A quantum cryptographic communication system is described first. The quantum cryptographic communication system includes a transmitter and a receiver. The transmitter transmits photons on an optical fiber link, and the receiver detects the transmitted photons. Subsequently, the transmitter and the receiver exchange control information, thereby sharing cryptographic key information therebetween. This processing is referred to as shifting. Subsequently, error correction (EC) is performed based on the shared cryptographic key information to correct an error in the cryptographic key information occurring between the transmitter and the receiver. In addition, privacy amplification (PA) is performed, which corresponds to information compression for deleting information that may possibly be eavesdropped by an eavesdropper from the cryptographic key information. With the processing described above, the transmitter and the receiver can finally share the cryptographic key guaranteed not having been eavesdropped.

The technique described above can be carried out by a technique generally called quantum key distribution (QKD). The shared cryptographic key is used to perform cryptographic communications of data between the transmitter and the receiver or between applications connected to the respective devices.

In QKD, a quantum used to share the cryptographic key has an uncertainty principle that its state changes by being observed, which is one of the basic principles of quantum mechanics. With this property, if an eavesdropper observes a quantum including the cryptographic key information transmitted by the transmitter on a quantum channel, the state of the quantum changes. As a result, the receiver that receives the quantum can find out that the quantum has been observed by the eavesdropper. At this time, the change in the quantum state appears as a quantum bit error rate (QBER) on the link between the transmitter and the receiver. If the eavesdropper tries to eavesdrop the quantum, the state of the quantum changes, and the QBER increases. As a result, the receiver and the transmitter can find out the presence of the eavesdropper.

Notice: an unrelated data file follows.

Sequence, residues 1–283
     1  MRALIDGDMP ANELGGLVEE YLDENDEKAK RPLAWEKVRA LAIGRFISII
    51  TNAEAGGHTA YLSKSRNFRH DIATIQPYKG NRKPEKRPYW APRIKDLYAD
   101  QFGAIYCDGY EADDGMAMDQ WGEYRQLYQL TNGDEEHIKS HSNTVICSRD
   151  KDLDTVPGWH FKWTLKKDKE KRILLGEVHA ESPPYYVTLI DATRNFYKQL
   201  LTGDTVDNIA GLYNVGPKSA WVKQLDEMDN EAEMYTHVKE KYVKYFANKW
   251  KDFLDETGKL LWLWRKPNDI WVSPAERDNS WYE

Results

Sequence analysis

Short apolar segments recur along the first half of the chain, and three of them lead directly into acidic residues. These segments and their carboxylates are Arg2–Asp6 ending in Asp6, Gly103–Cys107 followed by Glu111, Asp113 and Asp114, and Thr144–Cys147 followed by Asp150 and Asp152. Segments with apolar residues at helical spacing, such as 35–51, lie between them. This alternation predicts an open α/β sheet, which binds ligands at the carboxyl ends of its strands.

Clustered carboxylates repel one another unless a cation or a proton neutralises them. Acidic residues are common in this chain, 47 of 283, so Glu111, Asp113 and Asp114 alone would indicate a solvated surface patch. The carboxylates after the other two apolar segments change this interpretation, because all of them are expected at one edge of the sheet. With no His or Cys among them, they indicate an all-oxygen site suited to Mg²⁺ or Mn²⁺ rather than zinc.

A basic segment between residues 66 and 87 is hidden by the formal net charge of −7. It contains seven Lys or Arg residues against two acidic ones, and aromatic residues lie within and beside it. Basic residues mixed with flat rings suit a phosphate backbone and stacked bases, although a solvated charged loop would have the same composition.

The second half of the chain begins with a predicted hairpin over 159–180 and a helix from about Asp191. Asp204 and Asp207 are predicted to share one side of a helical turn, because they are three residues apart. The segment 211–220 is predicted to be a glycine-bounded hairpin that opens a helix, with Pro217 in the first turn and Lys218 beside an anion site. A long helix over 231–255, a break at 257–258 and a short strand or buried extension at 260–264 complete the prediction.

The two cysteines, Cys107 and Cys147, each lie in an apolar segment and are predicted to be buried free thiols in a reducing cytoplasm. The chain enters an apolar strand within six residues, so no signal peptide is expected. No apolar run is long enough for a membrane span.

Performance and Secure Key Rate

The number of shared cryptographic keys per unit time is called a secure key rate and corresponds to the operating speed performance of the quantum cryptographic system. A system capable of using a larger number of cryptographic keys can perform higher-speed and securer cryptographic communications. In other words, a QKD system with a higher secure key rate can provide higher performance.

Security and Finite Size Effect

In QKD, it is difficult to accurately determine the amount of information eavesdropped by an eavesdropper. Consequently, the QKD system may possibly estimate the amount of eavesdropped information and calculate the length of a secure cryptographic key based on the estimated value. To output a cryptographic key from which the amount of information leaked to the eavesdropper is removed, the QKD system estimates the amount of information leaked to the eavesdropper based on a measured value in QKD, such as the QBER, and calculates the length of the cryptographic key with its security ensured.

The measured value in QKD, such as the QBER, is caused to fluctuate not only by the presence of an eavesdropper but also by an environmental cause, such as temperature and an external cause to the fiber. The QKD system, however, fails to distinguish these differences. Typically, from the perspective of giving priority to security, the QKD system calculates the length of the cryptographic key considering that all the fluctuations in the measured value in QKD, including those due to the environmental cause, are due to the presence of an eavesdropper, that is, considering that the information has been leaked to the eavesdropper.